On the other hand, bacterial iron is caused by the presence of iron-oxidizing bacteria. These bacteria can produce a slimy substance that accumulates in your plumbing lines, leading to clogs and other plumbing issues.
Chemical pre-oxidation is typically used for both organic iron and bacterial iron removal. Chlorination is a popular choice for this purpose; it oxidizes the compounds so that they can be filtered out with an appropriate mechanical filter.
There are several indicators of iron in well water, but it’s best to get a professional test done to determine the exact level. Here are a few signs there may be iron present in your well water:
Iron can give your water a metallic taste, similar to the taste of pennies. If you detect this in tap water, it may be time to test for iron.
Iron can cause clogs in your appliances, such as dishwashers and washing machines. This is because the iron combines with other minerals in the water to form a sticky residue that can build up over time.
Iron in your water can cause staining of sinks, tubs, toilets, and clothing. If you notice any discoloration around these areas or on clothing washed with the water, it could be a sign of iron in your well.
To reliably determine whether there is iron in your well water, you’ll need to get a professional test done. The test will measure the total amount of iron in your water, its pH level, and other factors that could be causing staining or other problems.
Once you have this information, you can easily decide what type of filtration system best suits your needs.
Iron is a mineral that occurs naturally in the earth’s crust. It can make its way into our water supplies from natural sources, such as when it leaches from soil and rocks. Iron can also come from manufactured sources, such as corroding pipes or agricultural runoff.
Regardless of the source, iron can be present in both well and municipal water supplies. However, the former is more likely to contain higher concentrations.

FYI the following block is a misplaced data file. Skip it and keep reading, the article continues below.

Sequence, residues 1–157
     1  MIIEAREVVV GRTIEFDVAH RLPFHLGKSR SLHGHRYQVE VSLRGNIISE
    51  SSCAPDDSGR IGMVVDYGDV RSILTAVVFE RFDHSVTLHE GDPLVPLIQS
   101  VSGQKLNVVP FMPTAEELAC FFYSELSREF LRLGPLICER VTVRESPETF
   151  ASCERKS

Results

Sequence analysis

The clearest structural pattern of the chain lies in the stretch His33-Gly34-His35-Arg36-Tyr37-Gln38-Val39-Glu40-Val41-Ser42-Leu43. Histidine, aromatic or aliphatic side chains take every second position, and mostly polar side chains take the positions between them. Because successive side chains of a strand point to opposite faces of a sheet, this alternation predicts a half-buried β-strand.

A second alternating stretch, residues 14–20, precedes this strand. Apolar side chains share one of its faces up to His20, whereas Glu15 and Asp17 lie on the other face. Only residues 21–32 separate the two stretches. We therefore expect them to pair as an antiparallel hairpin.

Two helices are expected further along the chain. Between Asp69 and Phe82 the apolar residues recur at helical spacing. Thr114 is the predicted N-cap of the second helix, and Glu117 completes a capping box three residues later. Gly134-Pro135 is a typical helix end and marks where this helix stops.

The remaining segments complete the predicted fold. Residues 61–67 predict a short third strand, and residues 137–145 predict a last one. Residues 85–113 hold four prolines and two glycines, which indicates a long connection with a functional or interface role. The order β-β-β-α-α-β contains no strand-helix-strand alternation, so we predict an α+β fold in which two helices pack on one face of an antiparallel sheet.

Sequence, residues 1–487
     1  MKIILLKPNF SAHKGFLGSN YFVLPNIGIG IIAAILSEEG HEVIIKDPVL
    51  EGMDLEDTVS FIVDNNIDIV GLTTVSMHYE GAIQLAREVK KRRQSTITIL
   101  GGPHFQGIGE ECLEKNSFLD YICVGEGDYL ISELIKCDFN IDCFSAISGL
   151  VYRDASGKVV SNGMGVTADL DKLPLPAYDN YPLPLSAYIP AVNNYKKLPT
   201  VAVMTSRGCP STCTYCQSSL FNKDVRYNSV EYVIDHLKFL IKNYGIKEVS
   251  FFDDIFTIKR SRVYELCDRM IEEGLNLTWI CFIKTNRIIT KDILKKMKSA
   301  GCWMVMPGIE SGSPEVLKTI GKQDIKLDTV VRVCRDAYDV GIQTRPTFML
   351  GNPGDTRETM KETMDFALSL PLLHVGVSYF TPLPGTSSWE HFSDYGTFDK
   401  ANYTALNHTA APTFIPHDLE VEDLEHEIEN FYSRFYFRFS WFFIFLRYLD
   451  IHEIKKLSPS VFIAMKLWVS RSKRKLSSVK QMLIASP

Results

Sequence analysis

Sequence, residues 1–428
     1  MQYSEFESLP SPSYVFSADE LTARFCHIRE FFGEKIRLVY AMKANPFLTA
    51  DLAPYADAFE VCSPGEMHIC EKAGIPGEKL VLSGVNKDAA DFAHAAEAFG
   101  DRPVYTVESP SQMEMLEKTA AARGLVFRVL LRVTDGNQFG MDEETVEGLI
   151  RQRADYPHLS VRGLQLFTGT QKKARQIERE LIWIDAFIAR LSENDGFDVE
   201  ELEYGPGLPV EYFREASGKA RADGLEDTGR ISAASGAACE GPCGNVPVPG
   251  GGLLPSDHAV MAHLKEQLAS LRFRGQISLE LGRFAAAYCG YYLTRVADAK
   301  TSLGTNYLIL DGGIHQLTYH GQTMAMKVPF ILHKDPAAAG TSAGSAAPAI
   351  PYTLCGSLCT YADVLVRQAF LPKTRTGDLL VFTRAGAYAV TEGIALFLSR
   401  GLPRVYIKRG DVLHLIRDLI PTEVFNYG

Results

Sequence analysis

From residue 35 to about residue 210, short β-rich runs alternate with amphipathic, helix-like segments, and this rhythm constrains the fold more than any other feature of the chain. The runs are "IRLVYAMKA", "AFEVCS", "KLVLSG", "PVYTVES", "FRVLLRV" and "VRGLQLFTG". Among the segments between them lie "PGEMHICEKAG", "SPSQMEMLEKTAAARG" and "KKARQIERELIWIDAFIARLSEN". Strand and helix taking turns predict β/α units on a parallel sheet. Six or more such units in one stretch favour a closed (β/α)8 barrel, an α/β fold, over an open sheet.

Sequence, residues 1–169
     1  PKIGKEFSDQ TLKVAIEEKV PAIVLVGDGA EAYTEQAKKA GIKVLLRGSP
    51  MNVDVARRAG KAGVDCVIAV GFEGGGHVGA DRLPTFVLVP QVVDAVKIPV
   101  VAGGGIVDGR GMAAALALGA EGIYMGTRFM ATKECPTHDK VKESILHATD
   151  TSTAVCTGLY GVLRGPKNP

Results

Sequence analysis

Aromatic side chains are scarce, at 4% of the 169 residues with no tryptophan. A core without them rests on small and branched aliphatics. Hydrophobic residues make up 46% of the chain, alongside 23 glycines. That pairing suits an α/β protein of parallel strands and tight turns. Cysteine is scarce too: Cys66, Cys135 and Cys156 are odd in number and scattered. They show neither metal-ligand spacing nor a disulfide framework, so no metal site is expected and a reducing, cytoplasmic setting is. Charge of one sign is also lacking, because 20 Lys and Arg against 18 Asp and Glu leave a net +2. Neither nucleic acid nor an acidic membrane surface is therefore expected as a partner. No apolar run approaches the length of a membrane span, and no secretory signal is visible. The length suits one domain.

Iron can cause issues in parts of your home but is not usually a health hazard. In fact, the human body needs iron to function properly since it is a crucial component of hemoglobin in the blood.
However, high levels of iron consumption can damage vital organs like the heart, liver, pancreas, and spleen. The World Health Organization (WHO) reports that the average lethal dose of iron is 200–250 mg/kg of body weight, which leads to hemorrhagic necrosis and sloughing of areas of the mucosa in the stomach. But iron overdoses are rare, especially amongst generally healthy people.
The Environmental Protection Agency (EPA) has issued secondary drinking water standards that set the maximum acceptable concentration of contaminants in drinking water. For iron, the standard is 0.3 ppm.
If you have any thoughts about the question, does reverse osmosis remove iron from water, please don’t hesitate to leave a comment below!
Information provided on BOS is for educational purposes only. The products and services we review may not be right for your individual circumstances.
We adhere to strict editorial guidelines. Rest assured, the opinions expressed have not been provided, reviewed, or otherwise endorsed by our partners – they are unbiased, independent, and the author’s alone. Our licensed experts fact-check all content for accuracy. It is accurate as of the date posted and to the best of our knowledge.